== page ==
11 © 2012 Pearson Education. Upper Saddle River, NJ, All rights reserved. Electronic Devices, 9th edition Thomas L. Floyd Bode plots of loop gain are key to understanding Stability: Stability is determined by the loop gain, when A ol B = -1 = |1| 180 o instability or oscillation occurs Bode plots and stability analysis.

12 © 2012 Pearson Education. Upper Saddle River, NJ, All rights reserved. Electronic Devices, 9th edition Thomas L. Floyd Loop gain plots are key to understanding Stability: o Notice that a one pole can only accumulate 90° phase shift, so when a transfer function passes through 0 dB with a one pole, it cannot oscillate. o A two-pole system can accumulate 180° phase shift, therefore a transfer function with a two or greater poles is capable of oscillation. f1f1 f2f2

13 © 2012 Pearson Education. Upper Saddle River, NJ, All rights reserved. Electronic Devices, 9th edition Thomas L. Floyd Loop gain plots are key to understanding Stability: A ol B

14 © 2012 Pearson Education. Upper Saddle River, NJ, All rights reserved. Electronic Devices, 9th edition Thomas L. Floyd Op-amp transfer function The open loop gain of even the simplest operational amplifiers will have at least two poles. At some frequency, the phase of the amplifier's output = -180° compared to the phase of its input signal. The amplifier will oscillate if it has a gain of one or more at this frequency. f1f1 f2f2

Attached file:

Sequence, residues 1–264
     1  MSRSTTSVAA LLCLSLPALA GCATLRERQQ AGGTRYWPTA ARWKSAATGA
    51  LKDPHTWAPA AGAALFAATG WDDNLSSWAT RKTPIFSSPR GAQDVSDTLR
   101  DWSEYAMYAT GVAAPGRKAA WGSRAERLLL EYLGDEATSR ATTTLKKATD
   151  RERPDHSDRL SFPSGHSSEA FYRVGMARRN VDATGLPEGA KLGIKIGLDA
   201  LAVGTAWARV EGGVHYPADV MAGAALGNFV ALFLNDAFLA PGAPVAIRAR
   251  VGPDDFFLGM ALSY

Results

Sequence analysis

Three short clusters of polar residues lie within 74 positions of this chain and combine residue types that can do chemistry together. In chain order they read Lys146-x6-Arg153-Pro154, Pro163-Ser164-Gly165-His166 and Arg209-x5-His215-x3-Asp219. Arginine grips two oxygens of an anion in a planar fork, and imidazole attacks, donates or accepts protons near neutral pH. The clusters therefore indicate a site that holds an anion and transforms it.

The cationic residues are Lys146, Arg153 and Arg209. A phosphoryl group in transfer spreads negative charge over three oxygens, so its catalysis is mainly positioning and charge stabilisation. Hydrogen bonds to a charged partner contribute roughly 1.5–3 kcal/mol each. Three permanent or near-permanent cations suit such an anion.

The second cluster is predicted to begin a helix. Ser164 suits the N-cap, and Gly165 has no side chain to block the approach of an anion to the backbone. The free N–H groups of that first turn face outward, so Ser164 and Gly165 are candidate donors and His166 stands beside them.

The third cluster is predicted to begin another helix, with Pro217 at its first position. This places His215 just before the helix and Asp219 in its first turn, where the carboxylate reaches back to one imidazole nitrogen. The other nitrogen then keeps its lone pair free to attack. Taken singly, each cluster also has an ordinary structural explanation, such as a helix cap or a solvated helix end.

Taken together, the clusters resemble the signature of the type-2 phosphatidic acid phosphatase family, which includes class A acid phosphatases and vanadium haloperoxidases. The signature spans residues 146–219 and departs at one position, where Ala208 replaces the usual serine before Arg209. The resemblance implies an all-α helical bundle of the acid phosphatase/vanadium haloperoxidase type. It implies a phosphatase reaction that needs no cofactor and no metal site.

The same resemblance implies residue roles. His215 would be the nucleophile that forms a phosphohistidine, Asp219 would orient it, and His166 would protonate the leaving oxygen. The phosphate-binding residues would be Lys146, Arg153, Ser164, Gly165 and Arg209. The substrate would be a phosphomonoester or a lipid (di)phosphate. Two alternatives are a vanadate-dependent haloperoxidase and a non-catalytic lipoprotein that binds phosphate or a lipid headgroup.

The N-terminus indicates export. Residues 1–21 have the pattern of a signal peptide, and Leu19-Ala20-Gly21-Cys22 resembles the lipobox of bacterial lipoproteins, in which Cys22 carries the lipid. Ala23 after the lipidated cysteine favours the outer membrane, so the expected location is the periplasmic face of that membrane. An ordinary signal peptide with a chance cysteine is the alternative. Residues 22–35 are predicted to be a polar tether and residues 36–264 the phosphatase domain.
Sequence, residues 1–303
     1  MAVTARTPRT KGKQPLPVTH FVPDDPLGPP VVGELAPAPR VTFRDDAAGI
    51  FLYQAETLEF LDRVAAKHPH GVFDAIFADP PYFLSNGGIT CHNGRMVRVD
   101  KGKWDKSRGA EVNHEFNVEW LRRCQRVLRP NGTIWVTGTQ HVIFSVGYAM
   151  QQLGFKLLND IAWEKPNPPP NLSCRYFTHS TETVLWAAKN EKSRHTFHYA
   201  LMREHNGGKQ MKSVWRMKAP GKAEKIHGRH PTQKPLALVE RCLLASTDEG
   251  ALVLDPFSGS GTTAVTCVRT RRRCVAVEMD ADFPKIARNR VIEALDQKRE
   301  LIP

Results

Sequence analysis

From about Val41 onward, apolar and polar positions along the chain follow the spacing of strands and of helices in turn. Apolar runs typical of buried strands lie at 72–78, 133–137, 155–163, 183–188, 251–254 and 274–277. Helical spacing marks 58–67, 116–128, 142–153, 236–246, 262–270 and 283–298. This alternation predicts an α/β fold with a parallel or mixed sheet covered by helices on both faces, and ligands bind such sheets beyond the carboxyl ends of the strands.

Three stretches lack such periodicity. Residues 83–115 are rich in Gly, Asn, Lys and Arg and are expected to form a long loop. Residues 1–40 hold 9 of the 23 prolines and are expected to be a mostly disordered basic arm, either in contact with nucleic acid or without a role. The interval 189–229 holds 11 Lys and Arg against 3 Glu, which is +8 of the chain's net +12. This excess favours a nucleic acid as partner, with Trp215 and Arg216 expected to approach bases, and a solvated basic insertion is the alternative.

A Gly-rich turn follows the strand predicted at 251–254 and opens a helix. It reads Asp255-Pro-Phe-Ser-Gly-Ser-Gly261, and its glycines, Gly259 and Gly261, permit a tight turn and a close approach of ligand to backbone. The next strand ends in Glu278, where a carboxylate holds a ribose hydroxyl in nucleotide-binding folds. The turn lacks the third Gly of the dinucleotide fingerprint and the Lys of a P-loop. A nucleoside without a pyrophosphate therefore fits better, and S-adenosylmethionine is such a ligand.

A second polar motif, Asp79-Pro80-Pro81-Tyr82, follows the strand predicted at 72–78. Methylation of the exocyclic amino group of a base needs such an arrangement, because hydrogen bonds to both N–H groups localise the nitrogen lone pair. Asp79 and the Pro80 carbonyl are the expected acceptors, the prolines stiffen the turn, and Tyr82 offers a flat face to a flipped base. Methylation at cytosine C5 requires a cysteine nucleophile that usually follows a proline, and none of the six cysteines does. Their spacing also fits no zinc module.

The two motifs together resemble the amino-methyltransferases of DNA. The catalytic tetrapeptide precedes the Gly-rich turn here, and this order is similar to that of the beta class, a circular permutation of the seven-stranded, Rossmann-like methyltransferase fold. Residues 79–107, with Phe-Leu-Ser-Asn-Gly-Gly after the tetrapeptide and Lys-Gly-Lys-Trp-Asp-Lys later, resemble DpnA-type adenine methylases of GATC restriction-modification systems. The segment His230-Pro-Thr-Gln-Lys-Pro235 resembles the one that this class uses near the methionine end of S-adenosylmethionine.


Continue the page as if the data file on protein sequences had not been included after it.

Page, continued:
15 © 2012 Pearson Education. Upper Saddle River, NJ, All rights reserved. Electronic Devices, 9th edition Thomas L. Floyd Phase Margin = Φ M Phase margin is a measure of the difference in the actual phase shift and the theoretical 180° at gain 1 or 0dB crossover point. Phase Margin, Gain Margin Gain Margin = A M The gain margin is a measure of the difference of actual gain (dB) and 0dB at the 180° phase crossover point. For Stable operation of system: Φ M > 45 o or A M > 2 (6dB) f1f1 f2f2